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Ludwig van BEETHOVEN (1770-1827)
Piano Concerto No. 4 in G major, Op. 58 [35:45]
Piano Concerto No. 5 in E-flat, Op. 73 Emperor* [39:08]
Claudio Arrau (piano)
Boston Symphony Orchestra/Charles Munch/*Pierre Monteux
rec. 18 August 1961; *23 July 1960, Tanglewood

Claudio Arrau (1903–1991) was an honoured guest in Boston – and in the Boston Symphony’s summer home at Tanglewood. This disc presents two Tanglewood performances from the early 1960s which, it appears, have not been issued before. The recording of the Fourth concerto is in stereo while its companion is in perfectly acceptable mono. The transfers were made in 2012 by Gene Gaudette. The performance of the ‘Emperor’ is not to be confused with one from 1957 in which Arrau and Munch took part and which has previously been issued in a WHRA box (review).
The notes are very useful and informative though, perhaps, an interest should be declared in that they are by my MusicWeb International colleague, Jonathan Woolf. In his essay he suggests that, for Arrau, the ideal conductor of the Fourth concerto would offer a collaboration that was “measured, spiritually probing … almost intuitively intellectual and expressive.” Such a description might not completely fit the often-volatile Charles Munch but here the two great musicians seem to have forged a most effective partnership. I found a great deal to admire in the first movement. Arrau may not be quite as Olympian as, say, Gilels but he’s an extremely thoughtful interpreter of one of Beethoven’s most philosophical concerto movements. It’s not a note-perfect account – there is a tiny slip of the fingers at 9:07 and a more serious one in the chords at 10:37 – but any such small slips can and should be overlooked; what matters is that the spirit of the music is so impressively conveyed. Munch’s conducting is excellent, as is the playing of the BSO. Arrau gives a magisterial account of the cadenza.
In the elevated discourse of the slow movement we find Arrau cool and calm and there’s good depth in the tone of the Boston strings. Both Arrau and Munch are disciplined in their approach to the finale yet there is still excellent energy in the music making. Jonathan Woolf says of Arrau that in this movement “digital clarity and phrasal shaping are enviably assured.” I concur.
For the ‘Emperor’ we find Arrau collaborating with a legendary concerto accompanist in the shape of Pierre Monteux. After the opening flourish Le Maitre drives the orchestral tutti along splendidly. When Arrau rejoins the fray his playing is powerful and impressive and at times real thrust is imparted to the music both from the keyboard and from the podium. That’s not to say that the lyrical side of the movement is short changed; that’s far from being the case. At the reprise of the opening flourish (12:32) Arrau very briefly comes off the rails but it’s a momentary slip and his authoritative reading is soon fully back on track.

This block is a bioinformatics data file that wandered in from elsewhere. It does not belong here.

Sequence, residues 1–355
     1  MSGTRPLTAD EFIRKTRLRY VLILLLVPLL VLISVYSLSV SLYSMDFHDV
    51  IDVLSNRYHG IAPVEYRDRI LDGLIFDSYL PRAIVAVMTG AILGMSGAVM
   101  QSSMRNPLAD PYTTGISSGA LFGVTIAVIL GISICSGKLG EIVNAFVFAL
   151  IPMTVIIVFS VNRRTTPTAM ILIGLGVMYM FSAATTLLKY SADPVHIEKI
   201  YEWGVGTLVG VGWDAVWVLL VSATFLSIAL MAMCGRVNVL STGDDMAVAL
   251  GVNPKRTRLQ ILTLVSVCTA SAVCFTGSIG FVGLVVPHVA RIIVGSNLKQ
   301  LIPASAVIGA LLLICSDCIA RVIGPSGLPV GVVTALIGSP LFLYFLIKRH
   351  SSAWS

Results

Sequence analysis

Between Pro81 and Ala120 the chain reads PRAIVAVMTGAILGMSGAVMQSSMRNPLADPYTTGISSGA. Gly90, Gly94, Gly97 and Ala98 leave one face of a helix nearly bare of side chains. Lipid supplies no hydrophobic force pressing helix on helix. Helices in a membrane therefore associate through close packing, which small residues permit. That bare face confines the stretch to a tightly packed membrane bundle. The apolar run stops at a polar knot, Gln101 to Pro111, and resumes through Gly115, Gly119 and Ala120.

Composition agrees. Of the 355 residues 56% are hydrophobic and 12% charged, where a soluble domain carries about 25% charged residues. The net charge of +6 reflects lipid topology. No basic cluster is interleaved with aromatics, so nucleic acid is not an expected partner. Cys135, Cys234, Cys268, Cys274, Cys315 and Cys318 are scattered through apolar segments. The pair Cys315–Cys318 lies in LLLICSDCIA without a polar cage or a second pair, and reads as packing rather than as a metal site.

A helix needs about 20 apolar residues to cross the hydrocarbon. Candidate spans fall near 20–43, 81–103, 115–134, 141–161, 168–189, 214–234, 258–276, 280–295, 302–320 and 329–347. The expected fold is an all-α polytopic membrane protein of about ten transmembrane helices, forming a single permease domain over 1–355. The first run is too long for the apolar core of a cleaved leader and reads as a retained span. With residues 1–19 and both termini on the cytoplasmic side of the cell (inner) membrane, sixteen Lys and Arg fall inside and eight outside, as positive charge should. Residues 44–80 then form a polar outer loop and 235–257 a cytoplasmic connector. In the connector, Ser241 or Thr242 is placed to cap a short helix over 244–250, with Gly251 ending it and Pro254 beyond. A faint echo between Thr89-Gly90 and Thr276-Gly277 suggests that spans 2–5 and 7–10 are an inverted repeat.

I could sum up the slow movement in one word: patrician. Here we have two vastly experienced musicians, both of whom have a deep understanding of the music and a determination to put their skills completely at the service of the music. Jonathan Woolf may be correct in saying that Arrau is “less seraphic” in this movement by comparison with his studio recordings but he suggests that the great pianist was even more expressive in this concert account. There’s certainly no want of expression here and it’s a highly satisfying reading. The finale is ebullient and surging. I like the cheerful, lilting gait that Monteux and Arrau impart to the music. Throughout the concerto Monteux obtains an excellent response from the Boston Symphony.
I found the sound of the piano slightly shallow in the Fourth concerto – for example around 3:55 in the first movement – but this is by no means an impediment to enjoyment. The sound for the Fifth concerto is fuller and the piano seemed more prominent to me. Both recordings are perfectly satisfactory and Gene Gaudette has done a good job in transferring them. There are several studio recordings of both concertos by Arrau but notwithstanding that this disc is an impressive and important addition to his discography.
John Quinn